Dutch contractors to be hit by KSA’s Netherlands trade ban

Saudi construction industry expected to be affected by the trade sanctions issued against the Dutch

PHOTO: Credit:

RELATED ARTICLES: Labour reforms to continue hurting KSA construction market |Nitaqat program leads to 70,000 layoffs in two years | Majority of Madinah projects in danger of falling behind

Following anti-Islamic comments passed by a Dutch politician, the Kingdom of Saudi Arabia (KSA) has issued sanctions against all trade with the Netherlands in a move which will impact the Kingdom’s construction industry.

Local media has reported that Dutch contracting firms have been banned from undertaking any current or future projects in the Kingdom, according to interactions with sources from the Council of Saudi Chambers by Arabic-language daily Al Eqtisadiah.

Business visits between the two countries are also expected to dwindle as bans are placed on the issuance of visas to Dutch nationals.

Saudi Ambassador to the Netherlands, Abdullah Abdulaziz Al-Shagrood sent a letter to the Kingdom’s foreign minister Prince Saud Al-Faisal, following which the ban order was passed.

These directives are expected to impact both countries; the volume of bilateral trade between KSA and the Netherlands amounted to up to $5 billion in 2010, when the Dutch country accounted for up to 4% of the country’s FDI that year, according to a report by Reuters.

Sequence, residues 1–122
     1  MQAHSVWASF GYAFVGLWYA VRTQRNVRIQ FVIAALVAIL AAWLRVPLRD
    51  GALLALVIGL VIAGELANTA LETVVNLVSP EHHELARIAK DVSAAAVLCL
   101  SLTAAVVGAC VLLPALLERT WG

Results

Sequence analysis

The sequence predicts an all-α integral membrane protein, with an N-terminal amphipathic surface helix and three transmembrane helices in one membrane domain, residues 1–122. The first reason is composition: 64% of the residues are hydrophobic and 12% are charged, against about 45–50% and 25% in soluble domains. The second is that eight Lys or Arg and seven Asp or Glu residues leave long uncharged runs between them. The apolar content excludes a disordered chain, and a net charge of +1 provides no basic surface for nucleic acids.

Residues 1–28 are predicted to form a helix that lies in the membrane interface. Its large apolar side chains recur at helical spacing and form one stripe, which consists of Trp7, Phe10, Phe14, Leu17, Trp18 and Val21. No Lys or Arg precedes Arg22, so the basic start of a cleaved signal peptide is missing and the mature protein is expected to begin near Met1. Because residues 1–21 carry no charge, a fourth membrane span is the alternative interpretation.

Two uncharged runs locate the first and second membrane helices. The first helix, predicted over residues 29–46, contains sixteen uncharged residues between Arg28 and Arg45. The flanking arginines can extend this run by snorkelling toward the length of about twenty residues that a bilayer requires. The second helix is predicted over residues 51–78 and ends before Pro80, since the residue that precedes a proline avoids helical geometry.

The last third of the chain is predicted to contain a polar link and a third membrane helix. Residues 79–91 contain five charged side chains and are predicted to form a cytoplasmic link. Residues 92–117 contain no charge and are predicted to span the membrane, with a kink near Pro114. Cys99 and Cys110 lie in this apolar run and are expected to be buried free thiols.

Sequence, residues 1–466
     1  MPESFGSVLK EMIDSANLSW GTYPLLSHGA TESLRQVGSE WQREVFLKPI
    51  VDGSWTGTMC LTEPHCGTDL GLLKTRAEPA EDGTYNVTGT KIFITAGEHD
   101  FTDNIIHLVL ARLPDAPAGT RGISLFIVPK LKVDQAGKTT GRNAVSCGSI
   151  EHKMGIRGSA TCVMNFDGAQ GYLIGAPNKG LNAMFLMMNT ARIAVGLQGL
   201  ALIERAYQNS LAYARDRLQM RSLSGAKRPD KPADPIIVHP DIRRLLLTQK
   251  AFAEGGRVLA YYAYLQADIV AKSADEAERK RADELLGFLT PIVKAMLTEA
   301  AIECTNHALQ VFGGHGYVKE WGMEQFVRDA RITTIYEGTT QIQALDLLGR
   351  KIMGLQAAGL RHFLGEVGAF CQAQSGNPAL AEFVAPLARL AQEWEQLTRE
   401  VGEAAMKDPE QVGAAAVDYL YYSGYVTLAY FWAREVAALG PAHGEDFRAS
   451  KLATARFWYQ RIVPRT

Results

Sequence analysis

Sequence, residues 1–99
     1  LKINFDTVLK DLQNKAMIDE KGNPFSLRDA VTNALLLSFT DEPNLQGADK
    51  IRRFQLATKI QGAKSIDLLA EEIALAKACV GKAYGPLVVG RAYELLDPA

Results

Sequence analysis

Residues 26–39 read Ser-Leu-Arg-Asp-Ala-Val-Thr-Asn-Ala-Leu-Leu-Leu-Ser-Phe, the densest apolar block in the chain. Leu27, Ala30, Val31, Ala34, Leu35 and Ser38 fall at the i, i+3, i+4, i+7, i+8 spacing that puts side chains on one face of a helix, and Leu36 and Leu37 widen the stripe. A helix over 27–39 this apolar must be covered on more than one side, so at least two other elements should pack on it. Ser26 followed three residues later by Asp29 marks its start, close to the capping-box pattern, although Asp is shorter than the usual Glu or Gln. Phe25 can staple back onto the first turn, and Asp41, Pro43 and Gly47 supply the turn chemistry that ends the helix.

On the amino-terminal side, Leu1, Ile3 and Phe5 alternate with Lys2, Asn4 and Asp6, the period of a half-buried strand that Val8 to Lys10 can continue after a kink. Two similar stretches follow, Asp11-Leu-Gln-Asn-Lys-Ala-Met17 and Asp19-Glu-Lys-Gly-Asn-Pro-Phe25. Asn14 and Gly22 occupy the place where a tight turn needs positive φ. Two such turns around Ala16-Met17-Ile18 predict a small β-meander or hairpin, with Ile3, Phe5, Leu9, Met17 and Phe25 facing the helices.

The Netherlands “should have boycotted that country a long time ago,”  said the Dutch politician held responsible for these remarks, Geert Wilders, when prompted about potential trade sanctions by Saudi Arabia.

The ban comes at a time when Saudi Arabia is grappling with labour losses, which have steadily intensified and hurt the Kingdom’s construction industry after the government’s crackdown on illegal labour, and its endeavour to increase local representation in its workforce.

“Several hundred expats have been fired by companies with a sufficient number of Saudis,” Fadal Abu Al-Ainain, an economic consultant with several private firms said in April 2014.

“The Labour Ministry must close the doors of foreign recruitment so that professionals already living in the Kingdom can find jobs.”

0 0 votes
Article Rating


Most Popular

To Top
Would love your thoughts, please comment.x